2007 Mercedes-Benz C230 Problems
RepairPal has identified the most common problems with the 2007 Mercedes-Benz C230 based on complaints from actual vehicle owners. We'll tell you what the problem is and what it'll take to fix it.
The camshaft adjuster solenoid (which is related to the variable valve timing system) may fail or timing chain/balance shaft components may wear, resulting in illumination of the Check Engine Light and various drivability issues. Mercedes-Benz has released a service bulletin outlining specific repair instructions depending on fault codes stored.
The engine in the C230 is known by Mercedes Benz to have issues due to a poorly manufactured gear on the balance shaft (also known as the counter-rotating assembly). Since the balance shaft gear is driven by the timing chain, which keeps the engine rotating synchronously, when it fails, the timing of the engine will change causing:
-Illumination of the Check Engine Light
-Rough Running Conditions
-Loud Rattle or Slapping Noise
-OBD Trouble Code P1200 and P1208
Correction for this issue is replacement of the balance shaft, or balance shaft gear. Replacement of the timing chain and tensioner should be done as well. The Mercedes Benz dealer may cover some or all of the repair cost on select vehicles as a result of a class action settlement.
A repetitive clicking noise from behind the center area of the dash panel is usually caused by a broken stepper motor actuating arm. The actuating arm controls the direction of air flow in the climate control system. Disassembly of the center console will be required to access and change the broken arm with the updated, reinforced part.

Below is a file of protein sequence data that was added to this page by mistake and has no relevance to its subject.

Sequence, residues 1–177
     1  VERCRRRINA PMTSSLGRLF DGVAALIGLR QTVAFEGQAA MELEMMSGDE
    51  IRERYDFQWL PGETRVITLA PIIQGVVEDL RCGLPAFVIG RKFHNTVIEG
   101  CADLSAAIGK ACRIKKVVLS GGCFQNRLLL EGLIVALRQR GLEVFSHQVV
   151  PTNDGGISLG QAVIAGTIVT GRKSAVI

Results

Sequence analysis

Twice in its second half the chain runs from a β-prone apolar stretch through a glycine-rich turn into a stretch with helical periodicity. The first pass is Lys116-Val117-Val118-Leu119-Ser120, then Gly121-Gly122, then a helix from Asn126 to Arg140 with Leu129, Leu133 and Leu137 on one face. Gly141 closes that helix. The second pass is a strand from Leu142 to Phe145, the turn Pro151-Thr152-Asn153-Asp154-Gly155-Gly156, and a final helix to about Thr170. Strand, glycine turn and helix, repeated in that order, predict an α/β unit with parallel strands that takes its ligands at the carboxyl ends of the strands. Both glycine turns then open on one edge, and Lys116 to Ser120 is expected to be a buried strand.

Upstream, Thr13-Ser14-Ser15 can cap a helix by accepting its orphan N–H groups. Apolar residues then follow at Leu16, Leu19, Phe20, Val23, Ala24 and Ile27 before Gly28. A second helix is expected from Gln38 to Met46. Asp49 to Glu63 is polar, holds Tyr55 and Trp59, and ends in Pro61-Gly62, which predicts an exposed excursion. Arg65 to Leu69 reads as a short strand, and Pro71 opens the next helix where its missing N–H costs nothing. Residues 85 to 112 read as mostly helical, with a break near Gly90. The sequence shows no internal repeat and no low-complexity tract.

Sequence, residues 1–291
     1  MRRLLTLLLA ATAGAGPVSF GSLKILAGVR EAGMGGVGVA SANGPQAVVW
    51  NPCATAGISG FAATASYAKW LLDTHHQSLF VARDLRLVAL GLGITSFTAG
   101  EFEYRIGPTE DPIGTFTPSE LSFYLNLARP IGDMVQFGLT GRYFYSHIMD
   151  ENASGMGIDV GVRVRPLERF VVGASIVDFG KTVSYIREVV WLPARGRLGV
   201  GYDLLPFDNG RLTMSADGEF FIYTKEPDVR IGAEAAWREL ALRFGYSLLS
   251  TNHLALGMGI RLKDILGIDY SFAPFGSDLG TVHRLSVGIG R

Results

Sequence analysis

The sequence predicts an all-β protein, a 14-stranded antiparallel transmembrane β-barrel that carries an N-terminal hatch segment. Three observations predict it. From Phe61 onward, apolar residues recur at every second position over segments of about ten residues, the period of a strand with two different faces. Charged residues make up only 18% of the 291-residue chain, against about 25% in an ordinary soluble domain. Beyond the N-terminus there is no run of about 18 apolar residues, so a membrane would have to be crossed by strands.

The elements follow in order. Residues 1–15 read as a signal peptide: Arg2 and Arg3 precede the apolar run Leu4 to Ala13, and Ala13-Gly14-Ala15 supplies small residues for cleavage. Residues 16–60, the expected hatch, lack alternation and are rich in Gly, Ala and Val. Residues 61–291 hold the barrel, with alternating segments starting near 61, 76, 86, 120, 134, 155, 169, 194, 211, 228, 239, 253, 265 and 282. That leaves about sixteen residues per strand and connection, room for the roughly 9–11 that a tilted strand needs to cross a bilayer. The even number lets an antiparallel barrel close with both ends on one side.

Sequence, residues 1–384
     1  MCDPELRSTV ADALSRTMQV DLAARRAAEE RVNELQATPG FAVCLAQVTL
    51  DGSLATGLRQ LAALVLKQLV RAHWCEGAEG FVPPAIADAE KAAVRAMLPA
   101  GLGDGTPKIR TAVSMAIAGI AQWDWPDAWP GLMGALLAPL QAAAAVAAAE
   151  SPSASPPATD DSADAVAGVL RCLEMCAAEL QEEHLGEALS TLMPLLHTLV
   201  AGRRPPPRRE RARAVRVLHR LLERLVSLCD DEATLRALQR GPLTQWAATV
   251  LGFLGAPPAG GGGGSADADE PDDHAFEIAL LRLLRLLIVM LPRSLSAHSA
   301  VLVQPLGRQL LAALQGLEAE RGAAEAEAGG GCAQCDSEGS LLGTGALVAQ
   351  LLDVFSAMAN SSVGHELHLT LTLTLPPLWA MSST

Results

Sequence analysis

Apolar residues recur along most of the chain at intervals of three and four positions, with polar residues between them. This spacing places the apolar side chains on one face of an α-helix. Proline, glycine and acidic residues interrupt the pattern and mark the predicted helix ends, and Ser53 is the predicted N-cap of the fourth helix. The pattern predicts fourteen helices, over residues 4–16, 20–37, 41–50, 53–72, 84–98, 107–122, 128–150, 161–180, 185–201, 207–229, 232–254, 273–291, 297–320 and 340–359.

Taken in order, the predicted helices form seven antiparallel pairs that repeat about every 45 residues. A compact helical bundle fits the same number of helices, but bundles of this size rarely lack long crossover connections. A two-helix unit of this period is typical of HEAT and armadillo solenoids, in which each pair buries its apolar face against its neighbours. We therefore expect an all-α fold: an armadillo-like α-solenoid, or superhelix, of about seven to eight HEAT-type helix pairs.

The CD changer may suffer from an internal mechanical problem. Replacement of the faulty unit is generally required to correct this issue.
Inside grab handles, the upholstery on the center console cover, and door trim panels can delaminate. Most commonly replacement of the affected part is necessary.
The electrical connector at the automatic transmission may leak fluid. Over time leaking fluid could migrate through the wiring harness and damage the transmission control module. If that happens a new harness and control module may be necessary to correct the problem.
The ESP and BAS warning lights may illuminate due to a failed brake light switch. Replacement of the failed switch should correct this concern.
The crankshaft position sensor may fail. Symptoms of this are: The engine will crank—but not start—especially when the engine is warm. The car may start again if it is left to cool off, but it may run roughly or have poor performance. Communicating these specific symptoms to your technician can save diagnostic time.
A dead battery can be caused by a faulty seat control module that does not properly shut down. Spilling liquids on the front seats can cause these modules to fail.
The SRS (airbag) light can come on if liquids are spilled into the seat belt buckles, or if the liquid pools underneath the seat and gets into the electrical connector for the seat belt pretensioner. Damaged components will require replacement to restore proper airbag operation.
The heating, ventilation and AC (HVAC) heater box is susceptible to mildew buildup. This can result in a musty odor from the HVAC system, most noticeable when the system is first turned on.
The sway bar end link joints may wear and cause a knocking noise over bumps. Loose or warn links should be replaced to correct this type of noise.
A vibration felt through the center floor of the vehicle can be caused by cracked and/or shredded driveshaft flex discs, resulting in excessive driveshaft movement. If not repaired, damage to the driveshaft center support bearing, transmission, or differential can occur.